- The performance comparison workflow uses a SageMaker Processing job to analyze the inference results and calculate its performance score based on ground truth. For each country, the job compares the performance of the new model with the performance of the last used model to determine which one was best, otherwise known as the “winner model.” The metadata of the winner model is saved in an Amazon DynamoDB table so it can be queried and used in the next production inference job.
- At the end of the performance comparison flow, an informational notification is sent to an Amazon Simple Notification Service (Amazon SNS) topic, which will be received by the MLOps team.
The inference flow starts with a periodic query against the Amazon.com data warehouse in Amazon Redshift, as shown in Figure 3.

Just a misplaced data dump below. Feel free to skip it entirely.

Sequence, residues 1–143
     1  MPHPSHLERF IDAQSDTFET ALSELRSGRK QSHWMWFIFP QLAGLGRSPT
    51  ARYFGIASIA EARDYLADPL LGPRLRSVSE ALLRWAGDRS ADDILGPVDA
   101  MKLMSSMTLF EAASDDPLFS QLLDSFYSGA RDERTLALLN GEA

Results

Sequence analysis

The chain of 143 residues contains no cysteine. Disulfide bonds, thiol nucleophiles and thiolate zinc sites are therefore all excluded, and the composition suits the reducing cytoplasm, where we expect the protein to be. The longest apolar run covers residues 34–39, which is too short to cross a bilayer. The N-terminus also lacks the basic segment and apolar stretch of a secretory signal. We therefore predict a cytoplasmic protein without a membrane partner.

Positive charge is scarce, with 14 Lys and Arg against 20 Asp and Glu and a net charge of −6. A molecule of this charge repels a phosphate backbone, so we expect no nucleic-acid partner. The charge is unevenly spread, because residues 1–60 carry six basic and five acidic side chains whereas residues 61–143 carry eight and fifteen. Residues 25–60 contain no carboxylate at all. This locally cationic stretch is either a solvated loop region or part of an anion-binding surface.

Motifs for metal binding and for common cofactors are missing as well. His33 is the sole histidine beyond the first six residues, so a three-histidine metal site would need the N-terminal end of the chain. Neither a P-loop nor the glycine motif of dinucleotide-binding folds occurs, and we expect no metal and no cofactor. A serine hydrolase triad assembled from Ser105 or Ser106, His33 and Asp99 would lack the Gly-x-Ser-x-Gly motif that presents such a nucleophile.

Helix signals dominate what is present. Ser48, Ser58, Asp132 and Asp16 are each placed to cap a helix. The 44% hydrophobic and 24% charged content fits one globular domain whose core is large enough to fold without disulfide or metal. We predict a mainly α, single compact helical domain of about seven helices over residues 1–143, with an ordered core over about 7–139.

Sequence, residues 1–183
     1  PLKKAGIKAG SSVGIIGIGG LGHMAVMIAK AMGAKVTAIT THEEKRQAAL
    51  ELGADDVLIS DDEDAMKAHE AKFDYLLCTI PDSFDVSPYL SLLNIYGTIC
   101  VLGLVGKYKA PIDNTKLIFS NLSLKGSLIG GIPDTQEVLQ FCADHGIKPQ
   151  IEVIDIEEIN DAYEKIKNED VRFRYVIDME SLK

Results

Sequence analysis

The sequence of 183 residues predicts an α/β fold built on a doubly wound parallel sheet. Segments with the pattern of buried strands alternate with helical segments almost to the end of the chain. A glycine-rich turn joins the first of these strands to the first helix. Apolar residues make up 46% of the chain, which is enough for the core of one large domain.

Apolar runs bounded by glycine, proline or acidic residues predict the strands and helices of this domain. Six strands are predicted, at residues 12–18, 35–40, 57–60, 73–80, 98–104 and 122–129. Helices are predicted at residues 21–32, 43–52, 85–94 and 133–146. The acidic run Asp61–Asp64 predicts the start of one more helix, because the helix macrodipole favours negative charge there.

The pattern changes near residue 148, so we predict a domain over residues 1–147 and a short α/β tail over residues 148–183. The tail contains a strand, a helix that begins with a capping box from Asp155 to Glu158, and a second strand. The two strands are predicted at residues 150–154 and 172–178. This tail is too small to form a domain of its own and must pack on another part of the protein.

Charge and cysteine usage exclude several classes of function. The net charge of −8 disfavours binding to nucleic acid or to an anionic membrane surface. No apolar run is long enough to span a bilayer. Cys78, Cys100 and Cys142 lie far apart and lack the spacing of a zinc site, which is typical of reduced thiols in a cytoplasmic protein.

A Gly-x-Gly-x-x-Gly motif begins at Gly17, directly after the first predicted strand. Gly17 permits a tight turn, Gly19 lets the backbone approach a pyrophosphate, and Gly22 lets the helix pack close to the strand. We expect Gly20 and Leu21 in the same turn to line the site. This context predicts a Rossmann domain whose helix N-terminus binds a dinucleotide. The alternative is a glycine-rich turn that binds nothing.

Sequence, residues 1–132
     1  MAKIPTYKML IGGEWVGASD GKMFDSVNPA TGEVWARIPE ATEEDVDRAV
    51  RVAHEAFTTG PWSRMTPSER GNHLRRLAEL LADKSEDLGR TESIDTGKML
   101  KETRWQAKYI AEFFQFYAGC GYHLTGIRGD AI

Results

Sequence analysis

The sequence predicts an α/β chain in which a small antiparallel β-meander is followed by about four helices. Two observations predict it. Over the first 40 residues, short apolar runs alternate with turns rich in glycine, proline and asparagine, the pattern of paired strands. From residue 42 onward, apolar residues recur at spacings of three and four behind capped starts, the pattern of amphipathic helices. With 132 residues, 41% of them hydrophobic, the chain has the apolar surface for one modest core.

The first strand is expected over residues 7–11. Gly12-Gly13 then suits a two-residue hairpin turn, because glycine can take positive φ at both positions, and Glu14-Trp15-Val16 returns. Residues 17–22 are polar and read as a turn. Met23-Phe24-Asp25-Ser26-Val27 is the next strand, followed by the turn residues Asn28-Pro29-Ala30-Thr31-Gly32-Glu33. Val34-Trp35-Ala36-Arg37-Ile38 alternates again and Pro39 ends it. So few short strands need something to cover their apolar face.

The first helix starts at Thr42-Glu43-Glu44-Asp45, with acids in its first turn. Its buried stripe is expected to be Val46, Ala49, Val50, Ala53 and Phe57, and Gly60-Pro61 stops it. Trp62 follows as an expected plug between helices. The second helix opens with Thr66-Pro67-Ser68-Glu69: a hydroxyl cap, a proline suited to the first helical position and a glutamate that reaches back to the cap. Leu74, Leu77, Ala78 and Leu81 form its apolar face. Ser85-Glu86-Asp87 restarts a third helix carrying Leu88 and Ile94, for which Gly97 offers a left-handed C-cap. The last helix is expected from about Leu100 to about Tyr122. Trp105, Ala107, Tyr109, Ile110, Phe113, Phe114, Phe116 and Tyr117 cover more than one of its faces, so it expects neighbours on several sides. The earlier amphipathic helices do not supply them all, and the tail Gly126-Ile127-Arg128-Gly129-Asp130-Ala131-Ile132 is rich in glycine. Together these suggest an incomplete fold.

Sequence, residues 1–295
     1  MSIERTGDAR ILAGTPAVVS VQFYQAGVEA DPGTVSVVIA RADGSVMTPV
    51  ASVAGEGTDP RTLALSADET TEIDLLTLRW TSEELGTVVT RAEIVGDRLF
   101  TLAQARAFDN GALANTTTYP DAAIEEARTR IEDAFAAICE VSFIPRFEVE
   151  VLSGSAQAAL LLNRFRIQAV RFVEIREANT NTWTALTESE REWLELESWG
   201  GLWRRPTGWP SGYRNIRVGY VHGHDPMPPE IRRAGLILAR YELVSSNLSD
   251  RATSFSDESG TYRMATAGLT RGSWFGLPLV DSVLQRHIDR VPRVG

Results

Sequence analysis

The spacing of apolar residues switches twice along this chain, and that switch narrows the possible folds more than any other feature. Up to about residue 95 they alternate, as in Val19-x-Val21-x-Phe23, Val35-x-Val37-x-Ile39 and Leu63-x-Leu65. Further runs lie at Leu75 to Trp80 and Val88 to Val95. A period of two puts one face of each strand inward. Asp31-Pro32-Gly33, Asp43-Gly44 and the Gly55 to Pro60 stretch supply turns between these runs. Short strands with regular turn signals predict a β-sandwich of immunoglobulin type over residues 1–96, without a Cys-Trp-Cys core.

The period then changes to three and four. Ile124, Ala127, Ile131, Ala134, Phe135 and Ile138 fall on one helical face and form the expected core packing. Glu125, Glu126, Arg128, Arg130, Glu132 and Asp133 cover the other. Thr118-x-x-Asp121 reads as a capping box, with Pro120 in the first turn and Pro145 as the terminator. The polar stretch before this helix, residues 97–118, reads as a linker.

- As with training, the dataset is extracted from Amazon Redshift, split up by country, and stored in an S3 bucket and encrypted at rest using the AWS KMS key.
- Every country dataset upload prompts a message to an SQS queue, which invokes a Lambda function.
- The Lambda function gathers necessary input parameters and starts a workflow execution for the inference process. This is the same Step Function we used in the performance comparison. Now it runs against the real dataset instead of the test set.